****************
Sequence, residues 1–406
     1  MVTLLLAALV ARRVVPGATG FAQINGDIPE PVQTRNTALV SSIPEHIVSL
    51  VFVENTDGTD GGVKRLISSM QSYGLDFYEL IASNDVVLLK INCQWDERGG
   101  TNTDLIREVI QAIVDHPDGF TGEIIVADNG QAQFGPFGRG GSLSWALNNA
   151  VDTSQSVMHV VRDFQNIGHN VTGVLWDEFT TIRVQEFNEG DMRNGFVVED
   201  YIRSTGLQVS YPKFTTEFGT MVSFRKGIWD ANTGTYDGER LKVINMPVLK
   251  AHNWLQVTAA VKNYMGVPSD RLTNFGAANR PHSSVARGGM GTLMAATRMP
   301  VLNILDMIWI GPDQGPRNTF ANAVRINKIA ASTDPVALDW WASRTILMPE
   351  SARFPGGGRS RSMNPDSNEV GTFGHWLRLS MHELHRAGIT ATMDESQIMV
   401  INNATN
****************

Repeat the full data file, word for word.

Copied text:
Sequence, residues 1–406
     1  MVTLLLAALV ARRVVPGATG FAQINGDIPE PVQTRNTALV SSIPEHIVSL
    51  VFVENTDGTD GGVKRLISSM QSYGLDFYEL IASNDVVLLK INCQWDERGG
   101  TNTDLIREVI QAIVDHPDGF TGEIIVADNG QAQFGPFGRG GSLSWALNNA
   151  VDTSQSVMHV VRDFQNIGHN VTGVLWDEFT TIRVQEFNEG DMRNGFVVED
   201  YIRSTGLQVS YPKFTTEFGT MVSFRKGIWD ANTGTYDGER LKVINMPVLK
   251  AHNWLQVTAA VKNYMGVPSD RLTNFGAANR PHSSVARGGM GTLMAATRMP
   301  VLNILDMIWI GPDQGPRNTF ANAVRINKIA ASTDPVALDW WASRTILMPE
   351  SARFPGGGRS RSMNPDSNEV GTFGHWLRLS MHELHRAGIT ATMDESQIMV
   401  INNATN